What exactly is Scrum ?

Scrum is a framework that will assist you in delivering your product in a creative and productive manner. Scrum is a framework, not a technique or process. Scrum aids in the implementation of Agile methodologies.
Scrum is made up of roles, events, artifacts, and rules, each with its own purpose.

To better understand this blog, please read my prior blog about agile 👇


Scrum is built around Sprints. Sprint is a time-boxed event (with a maximum duration specified) that generally lasts two to four weeks. During the Sprint, developers create incremental versions of the products.

Sprint Planning is the first step in the process, during which the team determines what to work on. Every day, there is a Scrum Meeting, a quick 15-minute meeting that helps everyone coordinate activities and prepare for the day. The Sprint Review is completed at the conclusion of the Sprint to inspect the increment that was developed. The Sprint comes to a close with a Sprint Retrospective, in which the team assesses itself and looks for ways to improve. If you don’t comprehend this jargon, don’t worry. They’ll be discussed in more detail in the next section.


Scrum Master, Scrum Team, and Product Owner are the roles involved in Scrum.

Product Owner is the only person in charge of the Product Backlogs. The product/problem into smaller parts called the Product Backlogs. This is done by the Product Owner, who organizes them by priority and importance. He or she could enlist the help of the Scrum Master or the Scrum team. He also ensures that Product Backlogs are transparent and easy to understand.

Scrum Master is the custodian of Scrum. He ensures that Scrum is properly comprehended and practiced. He’s in charge of the Daily Scrum Meetings. He finds and removes roadblocks in the development process. He aids the team’s ability to self-organize.

Scrum Team is a cross-functional team of developers, testers, designers, analysts. The ideal team size is between 5 and 9 people. The Scrum team is a self-organizing group that provides product gradually and iteratively, allowing for the most amount of input possible.


Scrum is a set of activities that comprise Sprint Planning, Daily Scrum Meetings, Sprint Review, and Sprint Retrospective.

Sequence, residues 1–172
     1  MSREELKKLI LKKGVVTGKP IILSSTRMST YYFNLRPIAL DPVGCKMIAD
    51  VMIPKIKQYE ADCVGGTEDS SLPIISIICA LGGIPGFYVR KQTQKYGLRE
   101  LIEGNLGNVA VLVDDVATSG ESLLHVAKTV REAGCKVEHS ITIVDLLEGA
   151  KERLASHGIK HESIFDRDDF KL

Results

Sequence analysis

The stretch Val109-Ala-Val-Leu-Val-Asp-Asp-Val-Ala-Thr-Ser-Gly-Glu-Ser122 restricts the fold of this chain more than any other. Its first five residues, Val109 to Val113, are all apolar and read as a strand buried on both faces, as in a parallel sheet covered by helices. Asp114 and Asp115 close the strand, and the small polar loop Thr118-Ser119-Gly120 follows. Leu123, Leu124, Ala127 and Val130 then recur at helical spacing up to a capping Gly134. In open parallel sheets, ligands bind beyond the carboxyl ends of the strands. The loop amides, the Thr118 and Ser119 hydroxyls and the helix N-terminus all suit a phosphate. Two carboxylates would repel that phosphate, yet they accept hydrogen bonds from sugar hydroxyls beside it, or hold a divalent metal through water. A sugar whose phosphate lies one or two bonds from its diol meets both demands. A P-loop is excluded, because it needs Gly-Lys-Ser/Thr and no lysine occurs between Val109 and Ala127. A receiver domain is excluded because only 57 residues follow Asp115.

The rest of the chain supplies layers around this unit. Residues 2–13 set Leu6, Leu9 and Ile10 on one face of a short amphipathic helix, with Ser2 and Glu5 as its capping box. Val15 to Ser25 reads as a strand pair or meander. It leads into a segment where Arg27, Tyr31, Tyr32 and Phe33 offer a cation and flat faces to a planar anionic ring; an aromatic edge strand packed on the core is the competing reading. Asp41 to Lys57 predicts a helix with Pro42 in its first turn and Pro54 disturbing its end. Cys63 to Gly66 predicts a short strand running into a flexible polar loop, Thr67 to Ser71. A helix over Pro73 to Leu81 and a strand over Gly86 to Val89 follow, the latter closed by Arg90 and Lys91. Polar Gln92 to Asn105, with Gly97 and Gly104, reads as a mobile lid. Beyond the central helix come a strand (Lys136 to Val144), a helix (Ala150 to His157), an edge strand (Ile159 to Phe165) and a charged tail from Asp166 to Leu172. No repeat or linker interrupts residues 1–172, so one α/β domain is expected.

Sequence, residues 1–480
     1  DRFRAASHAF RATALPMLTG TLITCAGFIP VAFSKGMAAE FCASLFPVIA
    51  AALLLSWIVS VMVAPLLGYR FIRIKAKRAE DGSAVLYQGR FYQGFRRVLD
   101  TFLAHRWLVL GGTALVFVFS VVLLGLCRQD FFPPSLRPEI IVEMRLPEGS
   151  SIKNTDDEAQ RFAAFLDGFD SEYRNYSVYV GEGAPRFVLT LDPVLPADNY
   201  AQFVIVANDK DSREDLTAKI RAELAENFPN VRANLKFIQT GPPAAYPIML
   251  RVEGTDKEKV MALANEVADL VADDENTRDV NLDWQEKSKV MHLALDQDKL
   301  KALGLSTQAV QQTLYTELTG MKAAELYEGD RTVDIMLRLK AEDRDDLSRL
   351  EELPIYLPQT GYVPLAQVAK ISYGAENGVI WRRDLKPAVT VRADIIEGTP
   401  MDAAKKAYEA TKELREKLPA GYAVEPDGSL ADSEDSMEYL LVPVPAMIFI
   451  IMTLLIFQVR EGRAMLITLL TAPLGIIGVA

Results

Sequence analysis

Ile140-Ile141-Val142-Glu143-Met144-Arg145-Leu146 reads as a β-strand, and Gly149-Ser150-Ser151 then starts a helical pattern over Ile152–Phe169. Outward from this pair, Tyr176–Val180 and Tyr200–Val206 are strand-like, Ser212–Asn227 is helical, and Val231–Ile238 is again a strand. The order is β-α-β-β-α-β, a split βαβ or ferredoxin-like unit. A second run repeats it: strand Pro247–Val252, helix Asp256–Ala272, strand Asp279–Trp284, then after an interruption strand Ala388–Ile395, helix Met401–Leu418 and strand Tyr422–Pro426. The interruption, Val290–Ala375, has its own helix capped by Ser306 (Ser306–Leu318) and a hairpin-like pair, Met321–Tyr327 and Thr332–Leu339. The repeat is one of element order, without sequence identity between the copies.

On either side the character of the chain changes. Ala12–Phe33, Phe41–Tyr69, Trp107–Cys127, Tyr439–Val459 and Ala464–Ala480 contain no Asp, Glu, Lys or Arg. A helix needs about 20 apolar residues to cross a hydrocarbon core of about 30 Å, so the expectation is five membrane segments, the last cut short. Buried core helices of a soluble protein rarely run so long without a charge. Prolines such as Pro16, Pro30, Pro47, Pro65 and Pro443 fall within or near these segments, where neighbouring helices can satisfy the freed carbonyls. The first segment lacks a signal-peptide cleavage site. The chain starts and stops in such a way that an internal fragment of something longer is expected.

Sprint Planning takes place prior to the start of the Sprint. The Sprint Backlogs are chosen by the team from the Product Backlogs. The Sprint Backlogs are then created from these backlogs. The Sprint Goal is the goal that tells the team why they’re creating increment in the first place.

Daily Scrum Meetings are 15-minute meetings that take place every day. The Scrum Master is generally the one to felicitates it. The team members keep each other up to date, ensuring that everyone is on the same page. They also devise a plan for the day.

Sprint Review is a meeting held at the conclusion of a Sprint. Team reviews the increment they developed in the current Sprint during the Sprint Review. The Scrum Team, as well as the stakeholders, participate in the Sprint Review. The participants’ feedback on the new increment is gathered. Sprint Review offers useful information for the next Sprint Planning.

Sprint Retrospective occurs after Sprint Review and before the following Sprint Planning. The team examines what went well and what didn’t, as well as how certain situations may have been handled more effectively. Sprint Retrospective collects improvements and lessons learned.


Scrum Artifacts are documents that detail the product development process, including the steps done and the activities planned. Product Backlog, Sprint Backlog, Burn-Down Chart, and Increment are all part of this.

Product Backlog is an organized list of features that must be included in the final product. It is the only place where you may get all the requirements. User Stories are the common name for these things. These have description, order, estimate, and value characteristics.

Sprint Backlog are a subset of the Product Backlog that have been chosen for the Sprint, plus Sprint Plan, and Sprint Goal. The Sprint Backlogs outline the additional features that will be added to the increments developed during the Sprint.

Increment is the total of all Product Backlogs completed in prior Sprints. The new increment must be a fully functional product that is superior to the prior one.

Burn-Down Chart displays the amount of work remaining for each Daily Scrum in order to forecast the chances of meeting the Sprint Goal. This is helpful for keeping track of development.


You have a good understanding of Scrum if you can grasp the following memes.




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I am a full stack aspirant who enjoy building beautiful products. Solving problems through code to make life better is my motto.